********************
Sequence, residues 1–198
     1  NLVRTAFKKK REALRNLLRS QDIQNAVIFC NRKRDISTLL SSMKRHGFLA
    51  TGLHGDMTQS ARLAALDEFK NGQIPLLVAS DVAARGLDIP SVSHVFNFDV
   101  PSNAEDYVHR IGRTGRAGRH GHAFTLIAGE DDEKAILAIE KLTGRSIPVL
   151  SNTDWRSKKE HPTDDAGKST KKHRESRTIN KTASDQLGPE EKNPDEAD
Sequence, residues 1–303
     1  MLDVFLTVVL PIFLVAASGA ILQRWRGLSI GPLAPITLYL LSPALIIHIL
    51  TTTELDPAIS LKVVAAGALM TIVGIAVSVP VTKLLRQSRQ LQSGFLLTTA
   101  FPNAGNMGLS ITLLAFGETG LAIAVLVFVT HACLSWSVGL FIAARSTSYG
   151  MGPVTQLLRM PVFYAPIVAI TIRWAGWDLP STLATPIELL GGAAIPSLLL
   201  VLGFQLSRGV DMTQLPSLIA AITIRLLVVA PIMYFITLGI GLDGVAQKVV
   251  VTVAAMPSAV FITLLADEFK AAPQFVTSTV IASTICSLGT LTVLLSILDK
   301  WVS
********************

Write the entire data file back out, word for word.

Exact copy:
Sequence, residues 1–198
     1  NLVRTAFKKK REALRNLLRS QDIQNAVIFC NRKRDISTLL SSMKRHGFLA
    51  TGLHGDMTQS ARLAALDEFK NGQIPLLVAS DVAARGLDIP SVSHVFNFDV
   101  PSNAEDYVHR IGRTGRAGRH GHAFTLIAGE DDEKAILAIE KLTGRSIPVL
   151  SNTDWRSKKE HPTDDAGKST KKHRESRTIN KTASDQLGPE EKNPDEAD
Sequence, residues 1–303
     1  MLDVFLTVVL PIFLVAASGA ILQRWRGLSI GPLAPITLYL LSPALIIHIL
    51  TTTELDPAIS LKVVAAGALM TIVGIAVSVP VTKLLRQSRQ LQSGFLLTTA
   101  FPNAGNMGLS ITLLAFGETG LAIAVLVFVT HACLSWSVGL FIAARSTSYG
   151  MGPVTQLLRM PVFYAPIVAI TIRWAGWDLP STLATPIELL GGAAIPSLLL
   201  VLGFQLSRGV DMTQLPSLIA AITIRLLVVA PIMYFITLGI GLDGVAQKVV
   251  VTVAAMPSAV FITLLADEFK AAPQFVTSTV IASTICSLGT LTVLLSILDK
   301  WVS